Large plate with the Battle of David and Goliath, 629–30, The Met, New York

A recent post showed a silver plate illustrating David’s confrontation with Eliab. In this blog post, the tenth I have written, I would like to explore the medium of silver in the form of decorative plates of the Byzantine era known as the David plates. These are a set of nine silver plates, in three sizes, stamped between 613 and 630 AD. The plates were created in Constantinople and depict scenes from the life of the Hebrew king David, and associated with the reign of Emperor Heraclius (610 – 641). They were discovered in northern Cyprus in 1902 and were classified as early Byzantine secular art. Six plates were smuggled out of Cyprus and sold whilst three were confiscated by the authorities and held at the Museum of Antiquities in Nicosia. The six that were sold were bought by J. Pierpont Morgan whose descendants gave them to the Metropolitan Museum of Art in New York in 1917 where they remain.

I would like to speculate on the classification of the plates as secular art. They were not classified as biblical art which puzzles me. The classification may refer to their use rather than their subject. The plates cover incidents in the life of David from the time that the prophet Samuel anointed him to the time that he married Saul’s daughter. The plates are amongst the most ancient components of Byzantine art and may be the earliest surviving example of the use of biblical scenes for such displays. There has been speculation by artists and intellects about some of the inaccuracies in the manuscripts of the story of David and thus the interpretation of the plates. Stephen has mentioned in past blogs about discrepancies and contradictions in the historical text regarding the story of David. It has been posed that stories of David in the Old Testament were very effective propaganda regarding his life and achievements. So effective were the stories circulating about him that the house of David eclipsed the house of Saul in the kingly line in Israel and thus even in the sixth and seventh centuries we have silver plates cast by a Byzantine king who wanted to elevate his victories alongside David’s. Regarding the classification, could it be that scholars accept the stories of David as perhaps myths, similar to King Arthur and the round table in the United Kingdom, or Camelot. Myths usually contain a shred of truth but are overshadowed by tall tales and elaboration and exaggeration. Sometimes the stories are just not true. The plates though, attest to the power of the stories of David that were preserved down through the centuries.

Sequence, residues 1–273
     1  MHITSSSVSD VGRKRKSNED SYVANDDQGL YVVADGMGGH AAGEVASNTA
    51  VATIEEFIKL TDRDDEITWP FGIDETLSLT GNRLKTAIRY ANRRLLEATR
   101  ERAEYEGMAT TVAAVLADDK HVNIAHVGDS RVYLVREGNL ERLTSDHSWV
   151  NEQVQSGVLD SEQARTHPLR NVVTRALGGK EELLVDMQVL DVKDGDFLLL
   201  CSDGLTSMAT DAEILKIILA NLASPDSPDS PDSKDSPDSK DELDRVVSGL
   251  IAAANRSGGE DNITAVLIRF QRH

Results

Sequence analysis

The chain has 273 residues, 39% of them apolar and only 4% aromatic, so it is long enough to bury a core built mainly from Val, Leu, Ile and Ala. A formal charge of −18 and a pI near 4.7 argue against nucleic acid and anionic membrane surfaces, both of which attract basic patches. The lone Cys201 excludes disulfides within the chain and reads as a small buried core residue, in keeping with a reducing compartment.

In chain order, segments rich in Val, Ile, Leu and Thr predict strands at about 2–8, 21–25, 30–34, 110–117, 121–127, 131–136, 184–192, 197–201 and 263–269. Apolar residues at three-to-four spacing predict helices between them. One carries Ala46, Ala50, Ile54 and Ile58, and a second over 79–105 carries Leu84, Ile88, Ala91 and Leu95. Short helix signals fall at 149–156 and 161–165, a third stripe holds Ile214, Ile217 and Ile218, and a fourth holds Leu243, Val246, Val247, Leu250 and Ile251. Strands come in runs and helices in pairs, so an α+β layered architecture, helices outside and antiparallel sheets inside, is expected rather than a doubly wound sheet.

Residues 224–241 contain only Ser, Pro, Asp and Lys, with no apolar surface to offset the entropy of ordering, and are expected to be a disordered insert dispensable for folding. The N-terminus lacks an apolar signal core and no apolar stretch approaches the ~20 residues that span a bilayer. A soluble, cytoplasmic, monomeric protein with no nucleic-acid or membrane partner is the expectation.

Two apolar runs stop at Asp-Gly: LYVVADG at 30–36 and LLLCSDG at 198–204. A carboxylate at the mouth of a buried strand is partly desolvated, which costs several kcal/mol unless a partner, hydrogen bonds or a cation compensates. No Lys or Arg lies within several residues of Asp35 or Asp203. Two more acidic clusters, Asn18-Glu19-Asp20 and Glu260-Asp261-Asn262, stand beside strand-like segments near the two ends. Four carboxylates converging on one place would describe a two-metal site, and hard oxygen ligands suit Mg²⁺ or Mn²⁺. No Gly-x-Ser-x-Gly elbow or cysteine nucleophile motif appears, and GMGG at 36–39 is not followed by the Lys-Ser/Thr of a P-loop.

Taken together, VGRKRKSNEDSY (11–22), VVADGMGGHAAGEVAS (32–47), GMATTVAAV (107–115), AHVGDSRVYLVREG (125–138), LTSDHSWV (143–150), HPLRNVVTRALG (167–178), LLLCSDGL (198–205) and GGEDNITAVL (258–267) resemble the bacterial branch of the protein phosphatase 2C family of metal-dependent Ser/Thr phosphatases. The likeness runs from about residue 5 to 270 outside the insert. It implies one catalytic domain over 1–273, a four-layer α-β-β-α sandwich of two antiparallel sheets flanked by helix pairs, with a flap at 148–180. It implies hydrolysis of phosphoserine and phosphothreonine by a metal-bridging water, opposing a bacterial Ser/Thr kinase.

The silver plates were commissioned as one large plate (above), four medium plates and four small plates. It is thought that Heraclius commissioned the plates to commemorate himself as the new David, a king who defeated the Sasanian Empire (628-629). The David plates are of high quality which indicates the workshops of the palace in Constantinople which were known for specific luxury goods. The plates have control stamps to assure the quality of the silver used. Commenting on the form, the plates are similar, with rolled rims and concave surfaces. They could have been used as a display at banquets or for serving the food at great feasts at the palace in Constantinople. They would have been used as an effective tool for promoting the king Heraclius as a type of David who put his enemies under his feet. In those days there was no Facebook or Instagram, TV or radio. The chosen message that the king wished to send to the people had to be delivered in a more ancient form or medium, in this case silver.

Whether you believe in the historical accuracy of the David stories or not, the David plates are a beautifully preserved example of Biblical Art or should I say secular art and in a different medium to canvas, in this case silver. In an upcoming post I may refer to Michelangelo’s David, a very famous statue and an example of another artistic variant, sculpture.